Poetry Explorer- Classic Contemporary Poetry, THE ANCIENT THREE, by HARRY RANDOLPH BLYTHE



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THE ANCIENT THREE, by            
First Line: They are old and worn and dreary
Last Line: Classic links with long ago.
Subject(s): Dartmouth College


THEY are old and worn and dreary,
Wentworth, Reed, and Thornton Halls,
Not by half so bright and cheery
As our later, modern walls;
They don't "stack up" with New Hampshire
Or with Massachusetts Row,
And they're dark, a trifle damp, sir,
These old "dorms" of long ago.

Yet I swear dreams cling about them
Of the ancient Indian days,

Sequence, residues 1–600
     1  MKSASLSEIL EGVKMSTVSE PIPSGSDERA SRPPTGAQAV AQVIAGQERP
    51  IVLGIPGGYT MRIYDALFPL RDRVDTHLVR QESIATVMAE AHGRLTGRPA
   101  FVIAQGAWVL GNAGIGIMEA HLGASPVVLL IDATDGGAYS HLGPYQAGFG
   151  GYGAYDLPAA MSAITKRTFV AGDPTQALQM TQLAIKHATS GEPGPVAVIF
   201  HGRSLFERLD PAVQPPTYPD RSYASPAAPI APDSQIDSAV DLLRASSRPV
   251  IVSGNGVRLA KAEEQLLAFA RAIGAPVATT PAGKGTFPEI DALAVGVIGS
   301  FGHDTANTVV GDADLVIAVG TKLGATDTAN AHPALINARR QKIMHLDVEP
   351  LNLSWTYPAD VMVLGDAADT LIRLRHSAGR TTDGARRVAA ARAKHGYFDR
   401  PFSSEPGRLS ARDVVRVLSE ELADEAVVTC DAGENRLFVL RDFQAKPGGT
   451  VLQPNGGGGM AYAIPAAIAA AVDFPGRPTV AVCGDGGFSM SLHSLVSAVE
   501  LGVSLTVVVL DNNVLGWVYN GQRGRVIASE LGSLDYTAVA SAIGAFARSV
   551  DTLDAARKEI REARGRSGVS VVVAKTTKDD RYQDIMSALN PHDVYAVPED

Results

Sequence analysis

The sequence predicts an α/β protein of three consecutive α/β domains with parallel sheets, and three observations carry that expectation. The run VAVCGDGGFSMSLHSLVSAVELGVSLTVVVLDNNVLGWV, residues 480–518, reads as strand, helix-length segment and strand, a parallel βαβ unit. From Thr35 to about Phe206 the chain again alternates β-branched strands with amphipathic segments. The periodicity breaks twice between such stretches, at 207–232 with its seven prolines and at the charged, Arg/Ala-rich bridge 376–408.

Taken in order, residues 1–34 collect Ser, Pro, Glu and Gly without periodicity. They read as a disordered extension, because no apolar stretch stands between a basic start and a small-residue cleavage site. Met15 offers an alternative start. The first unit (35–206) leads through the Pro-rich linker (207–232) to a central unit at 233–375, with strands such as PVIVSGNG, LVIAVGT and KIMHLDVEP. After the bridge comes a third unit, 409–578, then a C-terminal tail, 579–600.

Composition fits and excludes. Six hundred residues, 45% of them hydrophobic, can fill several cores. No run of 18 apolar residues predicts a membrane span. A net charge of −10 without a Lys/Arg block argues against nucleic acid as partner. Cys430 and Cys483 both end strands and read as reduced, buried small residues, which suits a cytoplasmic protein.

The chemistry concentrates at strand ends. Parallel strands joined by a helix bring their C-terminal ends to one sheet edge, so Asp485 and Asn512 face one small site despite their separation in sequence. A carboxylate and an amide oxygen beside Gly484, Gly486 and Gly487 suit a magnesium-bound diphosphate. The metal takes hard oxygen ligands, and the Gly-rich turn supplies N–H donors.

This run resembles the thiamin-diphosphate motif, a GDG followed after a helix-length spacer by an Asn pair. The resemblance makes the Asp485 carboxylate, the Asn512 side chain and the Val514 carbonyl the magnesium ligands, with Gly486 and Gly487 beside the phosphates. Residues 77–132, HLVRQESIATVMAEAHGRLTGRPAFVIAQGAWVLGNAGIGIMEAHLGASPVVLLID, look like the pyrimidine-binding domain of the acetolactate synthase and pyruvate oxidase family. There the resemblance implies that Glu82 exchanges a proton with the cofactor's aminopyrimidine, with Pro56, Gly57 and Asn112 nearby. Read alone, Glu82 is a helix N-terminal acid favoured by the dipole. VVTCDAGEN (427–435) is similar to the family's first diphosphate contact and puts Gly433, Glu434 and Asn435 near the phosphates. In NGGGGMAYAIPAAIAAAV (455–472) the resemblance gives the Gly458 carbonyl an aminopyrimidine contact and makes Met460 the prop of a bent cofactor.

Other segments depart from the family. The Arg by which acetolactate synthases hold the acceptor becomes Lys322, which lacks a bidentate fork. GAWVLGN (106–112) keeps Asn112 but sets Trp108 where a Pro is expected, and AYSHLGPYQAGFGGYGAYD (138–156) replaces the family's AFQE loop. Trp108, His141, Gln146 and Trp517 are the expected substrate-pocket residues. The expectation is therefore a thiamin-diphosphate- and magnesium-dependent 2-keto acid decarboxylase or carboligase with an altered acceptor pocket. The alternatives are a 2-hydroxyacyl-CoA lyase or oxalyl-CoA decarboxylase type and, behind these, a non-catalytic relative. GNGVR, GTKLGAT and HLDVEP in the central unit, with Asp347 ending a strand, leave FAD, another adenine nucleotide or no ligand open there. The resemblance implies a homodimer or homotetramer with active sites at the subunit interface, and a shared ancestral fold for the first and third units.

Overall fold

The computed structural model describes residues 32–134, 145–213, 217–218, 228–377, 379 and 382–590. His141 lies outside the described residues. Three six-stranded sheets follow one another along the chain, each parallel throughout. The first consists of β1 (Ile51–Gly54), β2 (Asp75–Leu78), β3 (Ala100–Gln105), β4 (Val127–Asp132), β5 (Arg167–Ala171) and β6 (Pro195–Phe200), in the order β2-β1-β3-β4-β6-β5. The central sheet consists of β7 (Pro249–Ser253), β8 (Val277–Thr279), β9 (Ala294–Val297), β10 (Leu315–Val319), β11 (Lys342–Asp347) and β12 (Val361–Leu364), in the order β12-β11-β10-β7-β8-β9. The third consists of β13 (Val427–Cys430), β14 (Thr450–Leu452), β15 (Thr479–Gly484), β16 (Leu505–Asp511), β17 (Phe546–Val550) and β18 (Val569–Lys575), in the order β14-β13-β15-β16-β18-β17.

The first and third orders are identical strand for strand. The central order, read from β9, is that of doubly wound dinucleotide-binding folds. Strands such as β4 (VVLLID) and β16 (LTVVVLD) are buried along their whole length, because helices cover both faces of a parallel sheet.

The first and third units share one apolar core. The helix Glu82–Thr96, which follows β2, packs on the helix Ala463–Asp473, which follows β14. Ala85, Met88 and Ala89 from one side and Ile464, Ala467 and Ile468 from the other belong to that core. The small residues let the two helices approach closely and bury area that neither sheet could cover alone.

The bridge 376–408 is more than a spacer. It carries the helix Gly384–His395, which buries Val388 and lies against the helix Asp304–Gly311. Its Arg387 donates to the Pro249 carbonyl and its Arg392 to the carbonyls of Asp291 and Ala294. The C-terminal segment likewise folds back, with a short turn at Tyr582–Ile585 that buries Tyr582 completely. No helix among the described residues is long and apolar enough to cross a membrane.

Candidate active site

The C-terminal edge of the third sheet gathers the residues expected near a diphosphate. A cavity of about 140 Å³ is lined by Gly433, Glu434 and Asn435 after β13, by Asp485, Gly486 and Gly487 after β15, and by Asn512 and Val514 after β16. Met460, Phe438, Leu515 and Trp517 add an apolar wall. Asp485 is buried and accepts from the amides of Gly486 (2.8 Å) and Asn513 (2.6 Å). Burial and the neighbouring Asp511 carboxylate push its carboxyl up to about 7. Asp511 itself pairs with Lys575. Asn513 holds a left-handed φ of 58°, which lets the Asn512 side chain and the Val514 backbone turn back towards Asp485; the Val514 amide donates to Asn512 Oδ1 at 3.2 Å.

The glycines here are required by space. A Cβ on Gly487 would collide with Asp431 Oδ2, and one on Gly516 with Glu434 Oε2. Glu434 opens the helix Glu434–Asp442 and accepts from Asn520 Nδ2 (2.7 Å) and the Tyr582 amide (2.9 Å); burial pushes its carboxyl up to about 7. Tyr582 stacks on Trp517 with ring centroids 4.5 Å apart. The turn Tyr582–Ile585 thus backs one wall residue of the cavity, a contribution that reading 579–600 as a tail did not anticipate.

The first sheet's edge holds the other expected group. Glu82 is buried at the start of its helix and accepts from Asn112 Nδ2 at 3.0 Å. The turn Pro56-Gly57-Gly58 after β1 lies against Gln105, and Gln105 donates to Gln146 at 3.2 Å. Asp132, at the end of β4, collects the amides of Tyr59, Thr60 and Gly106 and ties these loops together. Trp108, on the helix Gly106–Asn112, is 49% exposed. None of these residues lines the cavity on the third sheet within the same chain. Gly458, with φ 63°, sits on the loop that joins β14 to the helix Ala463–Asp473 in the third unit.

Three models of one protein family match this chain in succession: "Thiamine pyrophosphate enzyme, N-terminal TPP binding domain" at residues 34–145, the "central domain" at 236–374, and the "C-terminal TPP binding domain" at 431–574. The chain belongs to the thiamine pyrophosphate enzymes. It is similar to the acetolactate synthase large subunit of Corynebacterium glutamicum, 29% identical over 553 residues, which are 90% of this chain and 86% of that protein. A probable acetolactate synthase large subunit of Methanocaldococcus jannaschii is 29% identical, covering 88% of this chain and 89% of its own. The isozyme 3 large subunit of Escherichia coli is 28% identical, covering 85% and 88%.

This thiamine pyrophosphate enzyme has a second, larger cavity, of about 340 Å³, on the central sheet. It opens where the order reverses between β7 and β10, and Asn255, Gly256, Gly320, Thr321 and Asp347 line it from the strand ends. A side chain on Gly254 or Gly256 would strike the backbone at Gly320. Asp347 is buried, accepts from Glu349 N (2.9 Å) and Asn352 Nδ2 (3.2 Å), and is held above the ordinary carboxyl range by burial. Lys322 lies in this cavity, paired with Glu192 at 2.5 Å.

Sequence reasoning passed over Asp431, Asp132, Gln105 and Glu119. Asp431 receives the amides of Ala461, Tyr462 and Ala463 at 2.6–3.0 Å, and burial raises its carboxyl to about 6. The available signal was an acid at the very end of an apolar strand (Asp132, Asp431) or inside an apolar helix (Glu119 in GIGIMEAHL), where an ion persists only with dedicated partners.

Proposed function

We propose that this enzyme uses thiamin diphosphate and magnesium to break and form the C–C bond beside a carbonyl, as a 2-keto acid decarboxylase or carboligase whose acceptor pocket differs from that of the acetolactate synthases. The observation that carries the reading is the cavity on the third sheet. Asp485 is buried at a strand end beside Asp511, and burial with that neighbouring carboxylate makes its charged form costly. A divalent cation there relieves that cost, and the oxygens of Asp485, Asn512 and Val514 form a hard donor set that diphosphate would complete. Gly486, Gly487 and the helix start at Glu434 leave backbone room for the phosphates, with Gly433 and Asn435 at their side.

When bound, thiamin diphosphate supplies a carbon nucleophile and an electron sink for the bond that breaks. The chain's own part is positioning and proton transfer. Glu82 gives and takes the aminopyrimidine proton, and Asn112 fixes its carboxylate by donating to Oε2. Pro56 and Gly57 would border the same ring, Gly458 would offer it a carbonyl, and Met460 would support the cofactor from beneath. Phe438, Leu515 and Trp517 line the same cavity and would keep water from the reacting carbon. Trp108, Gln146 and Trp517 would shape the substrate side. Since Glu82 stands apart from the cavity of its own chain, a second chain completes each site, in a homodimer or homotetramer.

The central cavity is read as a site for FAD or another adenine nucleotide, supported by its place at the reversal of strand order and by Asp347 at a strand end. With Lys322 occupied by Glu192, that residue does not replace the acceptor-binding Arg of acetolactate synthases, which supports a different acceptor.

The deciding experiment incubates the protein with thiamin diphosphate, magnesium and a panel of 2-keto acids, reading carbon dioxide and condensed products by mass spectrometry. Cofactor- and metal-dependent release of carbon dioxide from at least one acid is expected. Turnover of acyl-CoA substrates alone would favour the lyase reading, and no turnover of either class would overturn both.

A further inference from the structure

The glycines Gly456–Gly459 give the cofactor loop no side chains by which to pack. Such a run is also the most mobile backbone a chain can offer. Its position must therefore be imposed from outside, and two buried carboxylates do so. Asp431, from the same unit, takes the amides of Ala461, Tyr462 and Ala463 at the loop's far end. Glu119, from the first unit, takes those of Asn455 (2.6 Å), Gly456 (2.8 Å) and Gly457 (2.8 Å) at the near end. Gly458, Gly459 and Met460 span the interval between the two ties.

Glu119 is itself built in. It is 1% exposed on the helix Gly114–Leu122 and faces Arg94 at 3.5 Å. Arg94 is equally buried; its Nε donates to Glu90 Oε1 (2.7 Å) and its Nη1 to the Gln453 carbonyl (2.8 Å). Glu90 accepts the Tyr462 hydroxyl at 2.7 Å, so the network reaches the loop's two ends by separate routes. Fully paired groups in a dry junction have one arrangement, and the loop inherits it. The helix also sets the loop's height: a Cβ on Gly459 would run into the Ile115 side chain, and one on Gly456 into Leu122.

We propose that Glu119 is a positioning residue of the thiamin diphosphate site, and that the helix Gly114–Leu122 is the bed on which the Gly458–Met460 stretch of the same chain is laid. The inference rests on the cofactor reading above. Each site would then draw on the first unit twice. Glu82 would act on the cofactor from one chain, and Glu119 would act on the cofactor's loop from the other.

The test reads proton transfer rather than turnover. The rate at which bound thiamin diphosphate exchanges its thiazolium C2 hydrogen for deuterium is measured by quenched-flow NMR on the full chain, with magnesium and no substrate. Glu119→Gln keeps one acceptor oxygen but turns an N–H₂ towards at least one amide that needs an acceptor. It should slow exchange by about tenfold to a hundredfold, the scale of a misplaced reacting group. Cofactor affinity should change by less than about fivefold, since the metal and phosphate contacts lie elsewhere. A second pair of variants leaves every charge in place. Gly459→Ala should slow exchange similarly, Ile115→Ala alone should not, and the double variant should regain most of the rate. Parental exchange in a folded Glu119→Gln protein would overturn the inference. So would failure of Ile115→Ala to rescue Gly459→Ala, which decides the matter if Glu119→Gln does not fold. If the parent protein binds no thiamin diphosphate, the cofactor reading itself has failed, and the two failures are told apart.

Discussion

No smart sophomore may flout them
When he speaks a building's praise;
They have faced more wintry weather
Housed more lads, these pioneers,
Than all new ones put together,
Reared in late, affluent years.

Sons of Wheelock without number,
Good sons, great sons, stanch and true,
Sons who now have gone to slumber,
Sons who never saw the new,
Toiled in these old halls of knowledge
Dream-lit by their young desires,
And they made up Dartmouth College, —
For these same sons were our sires.

Thornton may look rough and musty,
Reed may lack luxurious style,
Wentworth's bedrooms may be dusty,
Bathrooms, too, seem short of tile;
They don't "class" with Dartmouth's latest,
Those on Massachusetts Row,
But these "dorms" are still our greatest, —
Classic links with long ago.





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